Gamers Get Busted: 3 Starcraft II Players Sued For Selling Cheat Programs - Fordham Intellectual Property, Media & Entertainment Law Journal
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Gamers Get Busted: 3 Starcraft II Players Sued For Selling Cheat Programs

Gamers Get Busted: 3 Starcraft II Players Sued For Selling Cheat Programs

Blizzard Entertainment, maker of various popular computer games, filed suit in the Central District of California recently against three users who made and sold “hacks” to their latest creation, Starcraft II.  The lawsuit was filed shortly after Blizzard banned at least 5,000 gamers from the game in mid-September for using such programs.  The hacks at issue are essentially fancier cheat codes that allow users to gain an advantage in the game.  However, unlike authorized cheat codes created by the manufacturer, “[w]hen users of the Hacks download, install, and use the Hacks, they copy StarCraft II copyrighted content into their computer’s RAM in excess of the scope of their limited license, as set forth in the [End User License Agreement] and [Terms of Use], and create derivative works of StarCraft II.”  In addition to copyright infringement theories, Blizzard argues that the cheat codes are harmful because they cause irreparable harm to the experience of legitimate gamers, limiting the future sales of “add on packs” due to dissatisfaction.  The hacks may also cause a physical problem as well, inducing stability and performance issues on the servers that host actual game play.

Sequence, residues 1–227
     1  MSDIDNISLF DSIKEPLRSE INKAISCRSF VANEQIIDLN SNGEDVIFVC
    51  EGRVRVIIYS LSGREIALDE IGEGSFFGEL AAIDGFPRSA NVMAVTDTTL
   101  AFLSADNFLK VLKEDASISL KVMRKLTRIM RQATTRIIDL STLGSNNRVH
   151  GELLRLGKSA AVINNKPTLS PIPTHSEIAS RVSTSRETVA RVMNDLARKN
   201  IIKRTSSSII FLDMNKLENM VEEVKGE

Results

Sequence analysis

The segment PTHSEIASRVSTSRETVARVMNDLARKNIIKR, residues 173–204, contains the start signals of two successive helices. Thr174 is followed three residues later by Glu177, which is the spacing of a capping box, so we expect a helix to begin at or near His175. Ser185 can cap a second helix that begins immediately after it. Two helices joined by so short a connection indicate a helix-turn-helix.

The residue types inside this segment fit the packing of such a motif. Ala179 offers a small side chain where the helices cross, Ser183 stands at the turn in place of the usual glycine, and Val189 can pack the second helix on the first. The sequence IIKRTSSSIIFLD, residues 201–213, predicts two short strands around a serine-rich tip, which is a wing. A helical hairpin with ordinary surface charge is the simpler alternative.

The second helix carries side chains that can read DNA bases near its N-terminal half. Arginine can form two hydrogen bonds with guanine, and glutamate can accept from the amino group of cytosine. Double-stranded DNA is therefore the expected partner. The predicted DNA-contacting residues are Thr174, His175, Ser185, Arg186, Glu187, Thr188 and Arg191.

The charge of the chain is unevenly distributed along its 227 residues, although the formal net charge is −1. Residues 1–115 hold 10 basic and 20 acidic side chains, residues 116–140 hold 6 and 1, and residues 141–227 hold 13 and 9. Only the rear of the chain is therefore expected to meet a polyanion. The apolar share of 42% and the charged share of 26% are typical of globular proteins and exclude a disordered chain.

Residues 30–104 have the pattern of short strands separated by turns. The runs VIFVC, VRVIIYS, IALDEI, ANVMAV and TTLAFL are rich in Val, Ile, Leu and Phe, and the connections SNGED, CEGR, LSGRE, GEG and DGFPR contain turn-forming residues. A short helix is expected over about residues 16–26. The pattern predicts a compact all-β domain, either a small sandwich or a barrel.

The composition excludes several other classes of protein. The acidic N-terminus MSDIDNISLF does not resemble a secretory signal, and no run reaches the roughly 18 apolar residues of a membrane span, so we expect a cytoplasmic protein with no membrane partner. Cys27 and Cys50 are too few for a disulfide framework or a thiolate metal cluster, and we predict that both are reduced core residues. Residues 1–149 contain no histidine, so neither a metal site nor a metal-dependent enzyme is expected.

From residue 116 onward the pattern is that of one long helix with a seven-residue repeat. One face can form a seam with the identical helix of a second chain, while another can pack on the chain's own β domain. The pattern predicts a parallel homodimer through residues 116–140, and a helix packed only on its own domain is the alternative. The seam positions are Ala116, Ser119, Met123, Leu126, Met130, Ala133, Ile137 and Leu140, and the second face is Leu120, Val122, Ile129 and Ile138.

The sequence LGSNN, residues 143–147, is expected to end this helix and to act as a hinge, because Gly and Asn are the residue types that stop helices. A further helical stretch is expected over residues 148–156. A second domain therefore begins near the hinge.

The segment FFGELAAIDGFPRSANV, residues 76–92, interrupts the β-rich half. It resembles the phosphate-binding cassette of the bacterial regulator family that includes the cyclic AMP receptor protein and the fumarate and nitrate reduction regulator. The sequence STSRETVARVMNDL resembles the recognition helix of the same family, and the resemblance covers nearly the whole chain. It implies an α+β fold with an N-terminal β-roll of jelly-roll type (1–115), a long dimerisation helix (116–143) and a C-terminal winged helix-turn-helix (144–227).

Blizzard has been successful in a previous lawsuit on a similar theory of liability.  In 2006 it won a 6 million dollar judgment against the creator of a hack for its game, World of Warcraft.  The facts, however, were slightly different; World of Warcraft users pay a monthly subscription fee to play the game online where Starcraft II does not require subscription fee. Given that difference it will be interesting to see how damages are calculated if Blizzard wins the lawsuit.  Blizzard aim’s to recover any and all profits made from the sale of these programs (beyond that they are asking for an undisclosed amount).

Christian Levis